Water Closet for April 29, 2016

[pullquote] “The owners had had attractive huge stones, each weighing a ton or more, moved into a 50 foot diameter circle near the summit of a tree capped hill.”[/pullquote] Is it any wonder that coastal Maine so attracts us? Hold a map of Down East, north up, and marvel at its ragged edge of long peninsulas jutting southward into the Gulf of Maine.   Wrinkled with hills it looks like a torn towel being rung out and dripping islands. Along Maine shores about 3200 coastal islands show above mean high tide. There must be tens of thousands of coves and small headlands on all their coasts. In the waters around these islands and peninsulas lobster folk tend their pots. Below the rocky ledges, evergreen woodlands, and mown fields that tumble to the tidal waters are narrow rocky beaches and flats where clammers dig at low tide. The exposed intertidal ledges are wracked with seaweed. In summer, above the still cold ocean, most all the land is lovely green and tolerably warm.
In the 1960s Maine PR people and environmentalists posted signs on some of its incoming roads saying, “Keep Maine Green.” Cynics said the words were referring to green-backs. Either way or both it was a good idea.

Blueberry field in the upper Medomak River watershed - Medomak Valley Land Trust photo

Blueberry field in the upper Medomak River watershed – Medomak Valley Land Trust photo

Last weekend the old Closeteer visited Bob and Sally Butler who had moved their small but successful business 11 years ago from Middleton to Waldoboro, Maine. On land gently sloping to a pretty bay fed freshwater by the Medomak River they built a handsome house and a matching barn for their bottling and distribution operation of the clear pale yellow extract of jojoba seeds from Israel. These former movers and shakers in Middleton quickly became so in Waldoboro. The locals, despite the Butlers’ new- comer status, elected Bob selectman; Sally became active in the Medomak Land Trust, a good fit for her after what she had done here while on the Conservation Commission and as a member of the Essex County Greenbelt. Bob, originally from Minnesota, and Sally from Devon, England, adapted well and became Down Easters. We wonder if old time Waldoboreans would admit to this. Along the tidal estuaries of the state, once the northern part ours, are people from all over the world sprinkled among the natives. Several members of the Stream Team who rave about Maine visit every other weekend, or go there hunting and fishing several times a year. Others like the Butlers have become valuable members of the state for more than just taxes.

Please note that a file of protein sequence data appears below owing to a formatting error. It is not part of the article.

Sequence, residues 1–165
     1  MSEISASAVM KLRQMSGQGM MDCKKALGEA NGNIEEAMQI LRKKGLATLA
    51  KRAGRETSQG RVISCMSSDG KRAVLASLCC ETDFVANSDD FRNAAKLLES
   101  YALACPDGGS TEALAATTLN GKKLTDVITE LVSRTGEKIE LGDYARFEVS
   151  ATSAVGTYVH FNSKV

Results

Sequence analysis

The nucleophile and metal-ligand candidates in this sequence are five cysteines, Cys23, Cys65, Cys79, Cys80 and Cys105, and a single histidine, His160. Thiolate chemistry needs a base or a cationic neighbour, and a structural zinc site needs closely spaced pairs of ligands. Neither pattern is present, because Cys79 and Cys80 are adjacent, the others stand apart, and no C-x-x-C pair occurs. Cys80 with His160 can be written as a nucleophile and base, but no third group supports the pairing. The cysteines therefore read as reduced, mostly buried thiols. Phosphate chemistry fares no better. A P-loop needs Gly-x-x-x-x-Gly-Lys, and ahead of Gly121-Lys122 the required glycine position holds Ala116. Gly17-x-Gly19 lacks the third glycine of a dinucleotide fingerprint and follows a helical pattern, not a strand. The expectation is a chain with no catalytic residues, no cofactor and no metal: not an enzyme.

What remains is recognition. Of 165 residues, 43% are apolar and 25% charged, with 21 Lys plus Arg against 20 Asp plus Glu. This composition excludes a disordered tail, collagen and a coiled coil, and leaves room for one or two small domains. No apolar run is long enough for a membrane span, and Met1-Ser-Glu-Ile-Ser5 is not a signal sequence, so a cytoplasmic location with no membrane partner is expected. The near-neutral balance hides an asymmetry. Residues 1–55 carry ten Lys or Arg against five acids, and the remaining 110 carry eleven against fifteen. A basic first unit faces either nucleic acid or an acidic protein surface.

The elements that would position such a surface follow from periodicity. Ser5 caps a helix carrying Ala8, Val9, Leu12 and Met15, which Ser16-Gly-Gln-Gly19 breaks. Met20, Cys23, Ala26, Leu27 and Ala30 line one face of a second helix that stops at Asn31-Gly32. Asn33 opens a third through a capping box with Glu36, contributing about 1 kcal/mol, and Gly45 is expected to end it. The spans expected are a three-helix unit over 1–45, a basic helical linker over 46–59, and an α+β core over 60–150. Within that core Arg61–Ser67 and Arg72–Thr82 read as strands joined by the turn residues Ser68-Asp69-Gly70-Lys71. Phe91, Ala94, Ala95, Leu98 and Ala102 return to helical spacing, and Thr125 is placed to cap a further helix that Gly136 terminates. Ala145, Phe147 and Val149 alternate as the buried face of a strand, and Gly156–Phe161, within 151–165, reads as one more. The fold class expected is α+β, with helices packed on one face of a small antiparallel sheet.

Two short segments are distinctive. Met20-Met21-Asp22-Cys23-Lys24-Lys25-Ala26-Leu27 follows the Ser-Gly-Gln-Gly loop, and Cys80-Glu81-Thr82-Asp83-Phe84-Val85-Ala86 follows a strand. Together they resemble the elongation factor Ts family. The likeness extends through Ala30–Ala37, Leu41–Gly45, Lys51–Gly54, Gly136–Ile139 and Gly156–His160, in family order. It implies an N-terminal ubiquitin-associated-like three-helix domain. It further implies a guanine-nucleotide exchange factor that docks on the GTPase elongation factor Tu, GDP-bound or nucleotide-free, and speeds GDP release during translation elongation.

Waldoboro’s 71 square miles make it five times the size of Middleton yet with only one-half the population. In the 17th to 19th centuries Waldoboro like many river towns on the sea, Portland to Eastport, built wooden ships from logs floated down from the interior on south flowing rivers. Much of the coastal marine activity has given over to lobster boats and pleasure craft in season. Over a century ago visitors would have seen scores of coastal schooners off shore. In the past two centuries they have been superseded by trains and trailer trucks. Trucks on I-95 are the faster, far less beautiful coastal cargo carriers of today. The Closeteer on his two day visit saw very few vessels of any kind on the water.

The sea water of the Gulf of Maine and the fresh water of the Medomak River join at Waldoboro – Medomak Valley Land Trust photo

The sea water of the Gulf of Maine and the fresh water of the Medomak River join at Waldoboro – Medomak Valley Land Trust photo

Maybe that is partly because his hosts took him inland north up into the gentle hills of the Medomak watershed where they are successfully helping to protect land from over development. A few farms of diverse types raise everything from dairy cows, goats, sheep, llamas, chickens, potatoes, cabbages, to blueberries. As in most of New England much former farmland has gone back to woods.